History : President Truman "Limit CIA Role" (NEVER PUBLISHED)

President Truman "Limit CIA Role" (NEVER PUBLISHED)

(This was supposed to appear in the Washington Post exactly one month after JFK's assassination, but Dulles had a talk with Truman, and although Truman never recanted, the Wa-Po chickened out and never published this)




Limit CIA Role To Intelligence by Harry S Truman



The Washington Post
December 22, 1963 - page All

Harry Truman Writes ;

Limit CIA Role
To Intelligence

By Harry S Truman

Copyright, 1963, by Harry S Truman



INDEPENDENCE, MO., Dec. 21—1 think it has become necessary to take another look
at the purpose and operations of our Central Intelligence Agency— CIA. At least, I would
like to submit here the original reason why I thought it necessary to organize this Agency
during my Administration, what I expected it to do and how it was to operate as an arm of the
President.

I think it is fairly obvious that by and large a President's performance in office is as
effective as the information he has and the information he gets. That is to say, that assuming
the President himself possesses a knowledge of our history, a sensitive understanding of our
institutions, and an insight into the needs and aspirations of the people, he needs to have
available to him the most accurate and up-to-the-minute information on what is going on
everywhere in the world, and particularly of the trends and developments in all the danger
spots in the contest between East and West. This is an immense task and requires a special
kind of an intelligence facility.

Of course, every President has available to him all the information gathered by the many
intelligence agencies already in existence. The Departments of State, Defense, Commerce,
Interior and others are constantly engaged in extensive information gathering and have done
excellent work.

But their collective information reached the President all too frequently in conflicting
conclusions. At times, the intelligence reports tended to be slanted to conform to established
positions of a given department. This becomes confusing and what's worse, such intelligence
is of little use to a President in reaching the right decisions.

Therefore, I decided to set up a special organization charged with the collection of all
intelligence reports from every available source, and to have those reports reach me as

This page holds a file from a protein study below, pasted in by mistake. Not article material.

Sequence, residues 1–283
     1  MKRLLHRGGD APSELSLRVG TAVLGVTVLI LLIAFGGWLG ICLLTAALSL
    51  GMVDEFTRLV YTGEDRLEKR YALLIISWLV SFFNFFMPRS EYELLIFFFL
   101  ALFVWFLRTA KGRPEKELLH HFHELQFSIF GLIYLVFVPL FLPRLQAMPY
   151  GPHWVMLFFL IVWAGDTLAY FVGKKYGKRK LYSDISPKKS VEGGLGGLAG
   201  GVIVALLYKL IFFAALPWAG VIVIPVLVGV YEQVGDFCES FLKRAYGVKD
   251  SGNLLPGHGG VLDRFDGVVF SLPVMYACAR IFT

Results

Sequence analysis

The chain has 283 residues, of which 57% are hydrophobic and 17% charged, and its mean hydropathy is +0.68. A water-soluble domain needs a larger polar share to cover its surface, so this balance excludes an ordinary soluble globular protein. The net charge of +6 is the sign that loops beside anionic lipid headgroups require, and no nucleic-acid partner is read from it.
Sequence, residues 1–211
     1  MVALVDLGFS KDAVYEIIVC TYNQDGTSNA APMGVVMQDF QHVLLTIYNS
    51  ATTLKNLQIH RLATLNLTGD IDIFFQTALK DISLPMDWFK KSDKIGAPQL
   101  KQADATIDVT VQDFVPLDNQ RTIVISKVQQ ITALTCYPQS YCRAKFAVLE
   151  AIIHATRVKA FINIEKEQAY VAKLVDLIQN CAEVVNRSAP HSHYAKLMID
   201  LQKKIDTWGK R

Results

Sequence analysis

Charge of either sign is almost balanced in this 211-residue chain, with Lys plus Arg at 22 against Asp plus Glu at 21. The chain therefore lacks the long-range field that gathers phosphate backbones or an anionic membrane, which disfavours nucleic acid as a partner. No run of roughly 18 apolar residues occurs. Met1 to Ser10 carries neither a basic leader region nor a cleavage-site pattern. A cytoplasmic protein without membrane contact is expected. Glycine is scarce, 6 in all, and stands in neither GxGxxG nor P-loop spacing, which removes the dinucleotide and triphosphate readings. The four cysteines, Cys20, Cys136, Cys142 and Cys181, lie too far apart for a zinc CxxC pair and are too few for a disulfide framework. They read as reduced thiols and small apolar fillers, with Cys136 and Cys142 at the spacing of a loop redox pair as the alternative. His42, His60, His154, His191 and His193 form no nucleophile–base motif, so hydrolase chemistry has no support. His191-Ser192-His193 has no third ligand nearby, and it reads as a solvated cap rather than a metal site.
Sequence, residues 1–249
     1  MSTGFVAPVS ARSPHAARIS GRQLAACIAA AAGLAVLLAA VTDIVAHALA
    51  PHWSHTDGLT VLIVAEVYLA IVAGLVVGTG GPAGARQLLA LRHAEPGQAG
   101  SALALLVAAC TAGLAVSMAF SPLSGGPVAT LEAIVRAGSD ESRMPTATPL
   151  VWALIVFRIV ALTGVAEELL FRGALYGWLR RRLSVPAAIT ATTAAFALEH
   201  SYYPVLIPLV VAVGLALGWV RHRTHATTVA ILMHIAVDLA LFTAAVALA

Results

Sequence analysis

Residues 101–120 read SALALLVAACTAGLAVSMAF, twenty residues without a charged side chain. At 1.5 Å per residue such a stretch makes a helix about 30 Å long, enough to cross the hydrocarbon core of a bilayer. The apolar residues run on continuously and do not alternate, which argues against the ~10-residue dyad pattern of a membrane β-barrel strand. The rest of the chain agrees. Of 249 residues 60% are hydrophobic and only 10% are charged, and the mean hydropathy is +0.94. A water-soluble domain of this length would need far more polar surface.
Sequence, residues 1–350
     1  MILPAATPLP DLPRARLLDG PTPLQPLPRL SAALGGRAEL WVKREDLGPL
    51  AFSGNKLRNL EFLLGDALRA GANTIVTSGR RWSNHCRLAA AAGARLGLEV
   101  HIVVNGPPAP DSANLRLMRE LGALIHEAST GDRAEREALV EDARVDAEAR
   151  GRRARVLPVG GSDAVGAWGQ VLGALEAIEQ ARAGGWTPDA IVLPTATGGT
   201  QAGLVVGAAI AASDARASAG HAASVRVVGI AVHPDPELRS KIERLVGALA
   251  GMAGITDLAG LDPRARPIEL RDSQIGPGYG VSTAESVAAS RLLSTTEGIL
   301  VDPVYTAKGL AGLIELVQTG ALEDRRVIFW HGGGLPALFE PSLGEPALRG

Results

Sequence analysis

President without department "treatment" or interpretations.

I wanted and needed the information in its "natural raw" state and in as comprehensive a
volume as it was practical for me to make full use of it. But the most important thing about
this move was to guard against the chance of intelligence being used to influence or to lead
the President into unwise decisions— and I thought it was necessary that the President do his
own thinking and evaluating.

Since the responsibility for decision making was his— then he had to be sure that no
information is kept from him for whatever reason at the discretion of any one department or
agency, or that unpleasant facts be kept from him. There are always those who would want to
shield a President from bad news or misjudgments to spare him from being "upset."

For some time I have been disturbed by the way CIA has been diverted from its original
assignment. It has become an operational and at times a policy-making arm of the
Government. This has led to trouble and may have compounded our difficulties in several
explosive areas.


I never had any thought that when I set up the CIA that it would be injected into peacetime
cloak and dagger operations. Some of the complications and embarrassment I think we have
experienced are in part attributable to the fact that this quiet intelligence arm of the President
has been so removed from its intended role that it is being interpreted as a symbol of sinister
and mysterious foreign intrigue— and a subject for cold war enemy propaganda.

With all the nonsense put out by Communist propaganda about "Yankee imperialism,"
"exploitive capitalism," "war-mongering," "monopolists," in their name-calling assault on the
West, the last thing we needed was for the CIA to be seized upon as something akin to a
subverting influence in the affairs of other people.

I well knew the first temporary director of the CIA, Adm. Souers, and the later permanent
directors of the CIA, Gen. Hoyt Vandenberg and Allen Dulles. These were men of the
highest character, patriotism and integrity— and I assume this is true of all those who
continue in charge.

But there are now some searching questions that need to be answered. I, therefore, would
like to see the CIA be restored to its original assignment as the intelligence arm of the
President, and that whatever else it can properly perform in that special field— and that its
operational duties be terminated or properly used elsewhere.

We have grown up as a nation, respected for our free institutions and for our ability to
maintain a free and open society. There is something about the way the CIA has been
functioning that is casting a shadow over our historic position and I feel that we need to
correct it.

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